Just to the north-east of the Sydney centre, Garden Island formed part of the early defenses of the city to serve as a naval base and still does to a certain degree, with docking, training and administrative facilities.
There is a public access area with great views on the northern part of the island. You can also find the Royal Australian Navy Heritage Centre here, which details the history of the navy with exhibits and artefacts.
Once a separate island, it has been joined to the mainland since the building of a dock connecting the two in the 1940s. It served initially as a vegetable garden for the crew and officers of the HMS Sirius of the First Fleet, the ships that came carrying prisoners of Britain to establish the Colony of New South Wales in 1788.
There are also sandstone fortifications remaining on the island, part of the network of fortifications that were built to help defend Port Jackson from attack in the 1800s. There is also a tunnel network that were built to move the defensive guns from one side to the other of the island.
Cruise ships now also dock here. Initially only used by them occasionally, there are hopes it will be on a more continual basis.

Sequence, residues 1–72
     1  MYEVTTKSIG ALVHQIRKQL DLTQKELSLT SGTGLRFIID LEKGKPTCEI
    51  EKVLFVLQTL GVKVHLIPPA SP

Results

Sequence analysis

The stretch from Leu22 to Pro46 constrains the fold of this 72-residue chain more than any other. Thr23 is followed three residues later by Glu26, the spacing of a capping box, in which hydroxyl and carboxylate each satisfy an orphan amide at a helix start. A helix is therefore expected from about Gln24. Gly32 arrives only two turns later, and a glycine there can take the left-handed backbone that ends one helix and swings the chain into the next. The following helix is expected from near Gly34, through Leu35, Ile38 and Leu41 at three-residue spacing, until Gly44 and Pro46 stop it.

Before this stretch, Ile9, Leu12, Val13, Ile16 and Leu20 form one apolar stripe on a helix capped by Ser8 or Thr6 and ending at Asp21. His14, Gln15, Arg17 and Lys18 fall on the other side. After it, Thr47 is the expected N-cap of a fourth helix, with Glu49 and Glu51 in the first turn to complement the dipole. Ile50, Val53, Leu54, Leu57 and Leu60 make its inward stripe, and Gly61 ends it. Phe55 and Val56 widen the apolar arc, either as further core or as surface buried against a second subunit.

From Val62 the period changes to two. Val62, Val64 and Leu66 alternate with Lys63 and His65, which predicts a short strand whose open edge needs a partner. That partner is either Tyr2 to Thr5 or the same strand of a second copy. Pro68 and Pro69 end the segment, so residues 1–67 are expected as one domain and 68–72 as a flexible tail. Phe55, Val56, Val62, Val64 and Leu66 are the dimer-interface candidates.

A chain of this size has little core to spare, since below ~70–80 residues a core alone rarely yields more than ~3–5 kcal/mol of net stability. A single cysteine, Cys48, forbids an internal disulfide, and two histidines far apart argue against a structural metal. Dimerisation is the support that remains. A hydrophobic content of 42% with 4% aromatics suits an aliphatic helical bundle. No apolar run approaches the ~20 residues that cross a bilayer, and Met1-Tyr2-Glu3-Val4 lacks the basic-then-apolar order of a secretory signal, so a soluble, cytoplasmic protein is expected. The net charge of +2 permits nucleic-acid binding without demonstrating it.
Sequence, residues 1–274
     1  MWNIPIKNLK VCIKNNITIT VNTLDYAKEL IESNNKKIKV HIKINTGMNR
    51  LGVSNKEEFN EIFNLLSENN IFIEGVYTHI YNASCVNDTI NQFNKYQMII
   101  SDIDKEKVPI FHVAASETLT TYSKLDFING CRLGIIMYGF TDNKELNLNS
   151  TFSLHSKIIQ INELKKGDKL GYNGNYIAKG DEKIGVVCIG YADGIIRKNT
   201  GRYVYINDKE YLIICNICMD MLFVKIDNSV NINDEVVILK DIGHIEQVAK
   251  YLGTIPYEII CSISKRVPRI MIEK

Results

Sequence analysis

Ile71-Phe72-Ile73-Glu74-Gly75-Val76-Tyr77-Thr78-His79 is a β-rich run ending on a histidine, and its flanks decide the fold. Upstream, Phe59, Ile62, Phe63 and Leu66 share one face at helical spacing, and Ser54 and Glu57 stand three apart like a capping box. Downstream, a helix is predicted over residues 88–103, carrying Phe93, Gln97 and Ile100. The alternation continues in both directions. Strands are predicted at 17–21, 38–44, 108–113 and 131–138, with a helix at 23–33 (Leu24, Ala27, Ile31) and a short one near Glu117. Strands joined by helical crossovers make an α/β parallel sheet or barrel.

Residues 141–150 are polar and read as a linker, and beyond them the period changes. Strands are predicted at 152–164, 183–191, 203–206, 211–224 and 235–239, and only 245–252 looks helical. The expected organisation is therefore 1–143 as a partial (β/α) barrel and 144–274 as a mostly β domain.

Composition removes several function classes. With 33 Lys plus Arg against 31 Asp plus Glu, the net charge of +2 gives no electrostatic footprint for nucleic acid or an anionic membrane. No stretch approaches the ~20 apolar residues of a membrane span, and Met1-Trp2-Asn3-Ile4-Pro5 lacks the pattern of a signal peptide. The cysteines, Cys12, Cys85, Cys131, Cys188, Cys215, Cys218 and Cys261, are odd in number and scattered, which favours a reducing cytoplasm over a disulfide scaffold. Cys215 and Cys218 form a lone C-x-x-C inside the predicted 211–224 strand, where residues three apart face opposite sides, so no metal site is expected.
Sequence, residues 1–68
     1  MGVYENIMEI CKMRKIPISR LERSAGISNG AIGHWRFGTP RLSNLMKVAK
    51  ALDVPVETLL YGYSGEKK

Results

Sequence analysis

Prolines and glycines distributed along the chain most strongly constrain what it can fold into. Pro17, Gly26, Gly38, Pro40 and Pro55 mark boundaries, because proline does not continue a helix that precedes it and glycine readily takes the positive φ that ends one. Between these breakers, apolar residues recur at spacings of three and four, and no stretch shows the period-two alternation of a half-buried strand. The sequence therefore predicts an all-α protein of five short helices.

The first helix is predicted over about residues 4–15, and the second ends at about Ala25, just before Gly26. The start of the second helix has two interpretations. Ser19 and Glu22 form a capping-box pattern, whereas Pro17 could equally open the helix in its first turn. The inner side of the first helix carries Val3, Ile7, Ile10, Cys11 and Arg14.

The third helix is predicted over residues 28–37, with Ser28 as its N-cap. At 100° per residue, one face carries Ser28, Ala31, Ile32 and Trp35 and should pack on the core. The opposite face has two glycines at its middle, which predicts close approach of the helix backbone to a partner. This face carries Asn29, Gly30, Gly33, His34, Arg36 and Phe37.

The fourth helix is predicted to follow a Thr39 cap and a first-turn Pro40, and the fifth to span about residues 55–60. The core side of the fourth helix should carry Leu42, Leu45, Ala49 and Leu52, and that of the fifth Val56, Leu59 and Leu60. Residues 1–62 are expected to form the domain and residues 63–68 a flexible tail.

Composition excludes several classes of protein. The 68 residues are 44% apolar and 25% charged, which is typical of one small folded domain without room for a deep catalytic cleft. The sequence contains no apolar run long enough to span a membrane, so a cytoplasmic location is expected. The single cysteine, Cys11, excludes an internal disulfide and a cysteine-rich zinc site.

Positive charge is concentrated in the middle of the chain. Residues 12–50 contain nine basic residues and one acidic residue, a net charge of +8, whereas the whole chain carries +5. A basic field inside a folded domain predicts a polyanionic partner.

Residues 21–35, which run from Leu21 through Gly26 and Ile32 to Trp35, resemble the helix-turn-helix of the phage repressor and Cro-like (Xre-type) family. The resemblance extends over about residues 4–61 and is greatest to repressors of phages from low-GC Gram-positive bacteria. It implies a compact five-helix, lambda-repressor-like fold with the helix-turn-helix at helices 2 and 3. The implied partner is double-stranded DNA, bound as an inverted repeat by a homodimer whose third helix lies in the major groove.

Here you will find numerous displays and exhibits that detail the history of the Australian navy, including the Battle of Sydney, which surprisingly, many Sydneysiders are not aware of.
You will also be able to see some beautiful boats that once served and artefacts that date all the way back to the early days of the colony. A must for history buffs, but also of interest to anyone connected to the sea.
Photo showing Garden Island. The city looms in the background. You can also spot the twin towers of St Mary’s near the centre of the picture, once a dominant landmark feature of the city skyline. Even Sydney Tower in the center now faces competition for being the tallest building in Sydney, though its shape will always be recognisable to Sydneysiders.
See the City Central Map Map of Sydney CBD.
Main Photo: Cunard’s Queen Mary leaves its berth at Garden Island on her last Voyage.
Search the Australia Tourist Guide